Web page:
2009 LinuxQuestions.org Members Choice AwardsThis forum is for the 2009 LinuxQuestions.org Members Choice Awards.
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With the exception of framework hell, Java is really slick. As long as you choose the right frameworks to learn, it is a really good platform for applications. I'm really glad the "freedom" distros can include it now.
I like other languages too. Perl for prototypes and one-offs, shell script for system initialization and Slack Builds. Groovy has some cool features, like closures... still getting used to that myself.
I hope C and C++ stay as relevant in the future as they are today. I like those for certain things too.
Fortran has a special place in my heart for the old days of writing crunch code for the "Panel Methods" in Airfoil Theory.
I'll never be a one language guy... ever.
I think java is an extremely good concept, but in actual usage it makes me want to hit people. .NET is actually a good continuation of this concept, but with better implementation. If it hadn't been done by MS, it'd probably be perfect
FWIW, I still find C/C++ to be the best language for a wide variety of uses, and my kid thinks it's the next best thing to Perl (so there is hope!).
What I find weird is Eclipse and Netbeans are the top two editors (voted on here) and Java isn't the top language.
I don't write Python, so I can't comment on what to use. But Eclipse and Netbeans include good support for a variety of languages, not just Java. They just happen to be pure Java implemented solutions.
So, why should python be prefered to bash script...?
Easy one for me. I was learning both after I moved to Linux until I figured out that this 'she-bang' thing worked equally well with Python. Ever since I use Python to write a (whatever) 30 line piece of code to do what I could have done in Bash in 3 lines except with Python it's a lot less trial and error to get it right (plus I still understand it after a while). Never really bothered again with shell scripting.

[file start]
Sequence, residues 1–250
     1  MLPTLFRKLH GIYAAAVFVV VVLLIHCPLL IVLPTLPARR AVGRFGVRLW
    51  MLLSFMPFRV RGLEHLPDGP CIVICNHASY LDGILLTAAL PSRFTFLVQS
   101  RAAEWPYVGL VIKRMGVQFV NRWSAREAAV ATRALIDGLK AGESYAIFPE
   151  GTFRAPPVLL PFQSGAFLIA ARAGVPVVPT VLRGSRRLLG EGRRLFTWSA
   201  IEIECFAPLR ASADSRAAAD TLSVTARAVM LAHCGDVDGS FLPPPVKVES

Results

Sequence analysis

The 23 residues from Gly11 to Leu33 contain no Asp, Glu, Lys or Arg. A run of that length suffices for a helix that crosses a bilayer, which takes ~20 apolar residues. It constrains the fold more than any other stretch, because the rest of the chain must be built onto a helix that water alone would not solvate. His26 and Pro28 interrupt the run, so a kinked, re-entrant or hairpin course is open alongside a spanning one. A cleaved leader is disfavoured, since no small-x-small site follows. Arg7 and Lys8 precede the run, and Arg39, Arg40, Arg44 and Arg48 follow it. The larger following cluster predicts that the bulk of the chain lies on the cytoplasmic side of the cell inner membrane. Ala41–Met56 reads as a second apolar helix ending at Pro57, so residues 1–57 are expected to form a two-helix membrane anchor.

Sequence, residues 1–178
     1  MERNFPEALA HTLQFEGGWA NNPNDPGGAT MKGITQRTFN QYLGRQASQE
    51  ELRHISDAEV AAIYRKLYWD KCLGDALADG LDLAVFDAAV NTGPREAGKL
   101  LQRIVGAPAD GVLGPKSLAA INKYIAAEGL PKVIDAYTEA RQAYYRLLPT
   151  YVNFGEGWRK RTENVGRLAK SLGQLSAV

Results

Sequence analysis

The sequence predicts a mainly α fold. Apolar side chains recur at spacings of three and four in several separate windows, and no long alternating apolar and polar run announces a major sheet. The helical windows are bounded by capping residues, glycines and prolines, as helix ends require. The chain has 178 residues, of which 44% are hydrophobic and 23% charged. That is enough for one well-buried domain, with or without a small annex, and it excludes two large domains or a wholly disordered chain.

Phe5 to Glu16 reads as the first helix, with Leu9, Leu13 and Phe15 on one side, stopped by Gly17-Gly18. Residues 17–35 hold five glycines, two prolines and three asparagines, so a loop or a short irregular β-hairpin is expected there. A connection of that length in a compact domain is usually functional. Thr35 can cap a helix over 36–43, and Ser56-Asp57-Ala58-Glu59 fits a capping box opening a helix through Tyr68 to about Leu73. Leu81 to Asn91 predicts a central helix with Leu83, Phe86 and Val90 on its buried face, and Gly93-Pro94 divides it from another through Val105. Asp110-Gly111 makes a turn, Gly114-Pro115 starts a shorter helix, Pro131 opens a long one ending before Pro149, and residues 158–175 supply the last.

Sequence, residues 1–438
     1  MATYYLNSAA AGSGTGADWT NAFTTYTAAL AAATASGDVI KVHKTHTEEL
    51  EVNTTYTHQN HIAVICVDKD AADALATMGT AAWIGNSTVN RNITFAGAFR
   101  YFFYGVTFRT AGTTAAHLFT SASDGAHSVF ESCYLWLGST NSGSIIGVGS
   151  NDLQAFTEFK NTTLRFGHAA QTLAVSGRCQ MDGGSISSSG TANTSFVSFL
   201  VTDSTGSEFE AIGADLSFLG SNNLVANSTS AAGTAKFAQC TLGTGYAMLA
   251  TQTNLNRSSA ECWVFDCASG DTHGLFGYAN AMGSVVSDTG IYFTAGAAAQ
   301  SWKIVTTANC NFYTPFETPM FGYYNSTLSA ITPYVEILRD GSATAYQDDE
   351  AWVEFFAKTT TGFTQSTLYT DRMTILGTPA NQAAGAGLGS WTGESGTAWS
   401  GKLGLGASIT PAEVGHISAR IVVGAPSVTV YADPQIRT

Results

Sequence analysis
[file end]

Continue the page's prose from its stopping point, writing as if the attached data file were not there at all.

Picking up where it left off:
Originally Posted by Alexvader
Both are interpreted, Python syntax is version dependent, bash is a standard, I think Python cannot beat bash for portability... of course python supports stuff that bash will not, but for this heavy stuff ( object oriented applications ) I think ( never used Python though ...) that Py will be quite slow, as compared to a compiled language like C++...
So, what makes Python so special...?
Portability is an issue but there are differences between shells too. Python is generally fast enough in execution, you have to benchmark specific uses to find when it wouldn't be a good solution. There's a difference between 'not the fastest possible solution' and 'quite slow' and I don't think you'll find many cases where Python is 'quite slow'. What also matters is that it's fast in development and easy to maintain.
I think the versatility, general usefulness, ease of development and ease of learning make it stand out but I can't explain why it got so many more votes than Ruby.
Position Position Delta in Programming Ratings Delta
Feb 2010 Feb 2009 Position Language Feb 2010 Feb 2009 Status
-------- -------- -------- -------- -------- -------- ------
1 1 = Java 17.348% -2.05% A
2 2 = C 16.602% +0.76% A
3 5 ++ PHP 10.001% +1.22% A
4 3 - C++ 9.447% -0.19% A
5 4 - VB/Basic 7.051% -1.79% A
6 6 = C# 5.015% -0.05% A
7 7 = Python 4.314% -0.25% A
8 8 = Perl 3.600% -0.52% A
9 9 = Delphi 2.656% -0.97% A
Tiobe's "Hall of Fame - Language of the Year":
Finally, even though they're not in Tiobe's "Top 10", the most explosive growth in recent popularity goes to: